Council adopts sign compromise in Waynesboro

May 22, 2003|by RICHARD BELISLE

WAYNESBORO, Pa. - Saying 3,200 square feet was too much and 20 square feet too little, Waynesboro Borough Councilman Clint Barkdoll moved for a compromise Wednesday night on an amendment to the borough's regulations governing free-standing signs that advertise businesses.

Barkdoll's motion, which passed unanimously, compromised at 110 square feet for free-standing signs.

The size of signs was on the minds of a half-dozen residents who attended a public hearing Wednesday to voice their opposition to the council's original motion to allow signs up to 200 square feet, a size one resident said was "larger than a double garage door." Opponents said signs that big are installed at major highway interchanges.

Under the old rules, which were dropped when the council passed on Barkdoll's motion, free-standing signs could not exceed 20 square feet.


Waynesboro real estate developer Ronnie Martin of 1625 E. Main St., has been lobbying for months to get the council to amend the regulations found in the borough's planning and zoning rules.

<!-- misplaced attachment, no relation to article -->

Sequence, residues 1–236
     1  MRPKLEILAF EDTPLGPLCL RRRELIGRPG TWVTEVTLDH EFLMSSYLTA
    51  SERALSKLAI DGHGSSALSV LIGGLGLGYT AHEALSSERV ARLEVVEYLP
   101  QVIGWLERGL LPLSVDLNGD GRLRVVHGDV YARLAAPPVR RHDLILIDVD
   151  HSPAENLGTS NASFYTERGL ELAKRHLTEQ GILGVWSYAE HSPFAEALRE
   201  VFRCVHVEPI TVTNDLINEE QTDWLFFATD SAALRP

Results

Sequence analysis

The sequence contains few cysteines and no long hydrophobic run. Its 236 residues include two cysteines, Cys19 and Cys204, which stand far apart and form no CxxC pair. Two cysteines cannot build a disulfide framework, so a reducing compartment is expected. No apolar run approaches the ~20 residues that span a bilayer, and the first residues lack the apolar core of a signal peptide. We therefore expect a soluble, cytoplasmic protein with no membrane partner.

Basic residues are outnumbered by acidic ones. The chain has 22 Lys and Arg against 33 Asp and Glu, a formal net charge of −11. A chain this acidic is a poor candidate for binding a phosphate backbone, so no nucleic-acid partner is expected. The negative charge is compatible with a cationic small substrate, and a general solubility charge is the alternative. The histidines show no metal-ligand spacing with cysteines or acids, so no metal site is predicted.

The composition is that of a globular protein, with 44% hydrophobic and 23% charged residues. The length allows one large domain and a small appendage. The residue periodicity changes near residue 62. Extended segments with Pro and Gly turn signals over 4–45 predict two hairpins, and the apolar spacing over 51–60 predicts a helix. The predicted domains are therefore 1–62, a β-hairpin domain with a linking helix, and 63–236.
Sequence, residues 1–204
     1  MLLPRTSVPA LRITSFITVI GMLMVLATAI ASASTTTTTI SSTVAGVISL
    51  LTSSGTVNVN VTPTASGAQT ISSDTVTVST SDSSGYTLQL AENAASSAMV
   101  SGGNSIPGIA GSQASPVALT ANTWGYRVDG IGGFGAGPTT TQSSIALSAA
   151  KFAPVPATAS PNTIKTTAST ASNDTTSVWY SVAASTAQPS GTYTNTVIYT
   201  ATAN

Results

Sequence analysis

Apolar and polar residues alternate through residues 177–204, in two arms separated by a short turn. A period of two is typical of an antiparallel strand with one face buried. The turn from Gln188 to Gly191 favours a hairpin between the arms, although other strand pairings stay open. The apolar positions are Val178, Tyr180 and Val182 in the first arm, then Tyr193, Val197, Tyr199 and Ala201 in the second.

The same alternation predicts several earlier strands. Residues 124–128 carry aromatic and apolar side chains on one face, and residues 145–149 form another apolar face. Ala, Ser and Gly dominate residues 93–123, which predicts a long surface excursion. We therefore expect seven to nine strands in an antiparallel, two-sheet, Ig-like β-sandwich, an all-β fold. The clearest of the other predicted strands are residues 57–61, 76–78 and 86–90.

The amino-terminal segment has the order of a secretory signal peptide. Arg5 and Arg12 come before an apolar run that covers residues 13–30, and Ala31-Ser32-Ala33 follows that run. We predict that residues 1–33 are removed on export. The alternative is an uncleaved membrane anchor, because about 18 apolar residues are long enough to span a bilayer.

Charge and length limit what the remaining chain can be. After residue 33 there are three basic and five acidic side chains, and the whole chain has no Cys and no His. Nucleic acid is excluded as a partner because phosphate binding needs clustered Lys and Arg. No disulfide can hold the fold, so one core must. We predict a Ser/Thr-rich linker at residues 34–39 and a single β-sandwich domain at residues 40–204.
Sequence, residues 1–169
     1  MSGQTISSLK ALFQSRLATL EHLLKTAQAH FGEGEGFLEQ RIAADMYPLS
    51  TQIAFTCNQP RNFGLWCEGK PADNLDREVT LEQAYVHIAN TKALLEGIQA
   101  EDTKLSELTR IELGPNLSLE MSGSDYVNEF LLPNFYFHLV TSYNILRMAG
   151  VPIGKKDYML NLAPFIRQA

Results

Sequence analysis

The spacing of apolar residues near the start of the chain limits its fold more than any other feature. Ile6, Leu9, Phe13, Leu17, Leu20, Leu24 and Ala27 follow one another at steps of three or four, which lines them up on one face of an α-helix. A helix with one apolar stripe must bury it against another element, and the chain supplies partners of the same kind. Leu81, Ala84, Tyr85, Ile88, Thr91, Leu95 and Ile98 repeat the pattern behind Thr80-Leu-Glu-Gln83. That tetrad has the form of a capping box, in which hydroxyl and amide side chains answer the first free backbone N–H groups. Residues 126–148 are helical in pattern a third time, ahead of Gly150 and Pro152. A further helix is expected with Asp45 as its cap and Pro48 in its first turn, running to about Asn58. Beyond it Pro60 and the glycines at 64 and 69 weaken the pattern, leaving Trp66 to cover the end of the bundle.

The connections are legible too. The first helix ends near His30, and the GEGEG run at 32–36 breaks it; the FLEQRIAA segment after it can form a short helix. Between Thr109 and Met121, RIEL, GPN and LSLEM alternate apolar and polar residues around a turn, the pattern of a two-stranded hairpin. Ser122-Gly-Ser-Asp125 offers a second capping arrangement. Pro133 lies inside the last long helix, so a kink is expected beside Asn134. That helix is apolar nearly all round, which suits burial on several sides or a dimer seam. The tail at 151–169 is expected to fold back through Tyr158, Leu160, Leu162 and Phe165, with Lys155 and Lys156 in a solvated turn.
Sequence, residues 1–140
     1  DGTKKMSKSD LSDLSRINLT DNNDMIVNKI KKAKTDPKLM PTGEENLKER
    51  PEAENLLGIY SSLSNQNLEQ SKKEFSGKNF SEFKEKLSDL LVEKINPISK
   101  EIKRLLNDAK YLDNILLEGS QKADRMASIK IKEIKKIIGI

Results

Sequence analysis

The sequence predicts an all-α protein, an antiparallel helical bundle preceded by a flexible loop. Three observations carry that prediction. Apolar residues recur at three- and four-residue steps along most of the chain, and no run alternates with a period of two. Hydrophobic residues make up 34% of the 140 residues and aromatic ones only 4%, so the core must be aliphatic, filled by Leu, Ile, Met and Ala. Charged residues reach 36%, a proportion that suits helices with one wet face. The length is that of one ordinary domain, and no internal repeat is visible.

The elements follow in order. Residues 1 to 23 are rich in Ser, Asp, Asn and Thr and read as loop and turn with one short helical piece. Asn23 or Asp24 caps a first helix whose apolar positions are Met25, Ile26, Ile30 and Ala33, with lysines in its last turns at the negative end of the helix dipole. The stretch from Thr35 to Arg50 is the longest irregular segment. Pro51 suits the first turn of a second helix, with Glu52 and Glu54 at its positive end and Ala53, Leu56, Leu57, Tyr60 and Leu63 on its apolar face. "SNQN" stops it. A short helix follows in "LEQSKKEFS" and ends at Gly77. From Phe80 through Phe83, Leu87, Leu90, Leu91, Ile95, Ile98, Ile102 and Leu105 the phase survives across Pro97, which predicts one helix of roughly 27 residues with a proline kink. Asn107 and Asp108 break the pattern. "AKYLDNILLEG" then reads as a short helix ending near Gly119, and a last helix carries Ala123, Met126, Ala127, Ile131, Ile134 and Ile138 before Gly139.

Martin has complained in the past that the restrictive rules cause new businesses to open in adjoining Washington Township rather than in the borough, a claim not supported by some of the half-dozen residents protesting the larger signs.

Stephen Monn of 126 W. Main St., said the only proponent of increasing the size of signs is Martin.

"I understand his reasons, but I'm not sure what businesses were lost because of signs," Monn said.

Donald and Peggy Weller, of 512 S. Potomac St., were among the opponents.

"It's ridiculous," Peggy Weller said after the council's vote.

"We wanted it left as it was at 20 square feet," she said. "Doubling it to 40 square feet would have been an enormous increase."

Barkdoll, with support from Council President Douglas Tengler, argued that sign regulations should reflect the needs of business. "Our tax base is soft and downtown is dried up," Barkdoll said. "We need to encourage development."

The new rules do not apply to the downtown business core.

The Herald-Mail Articles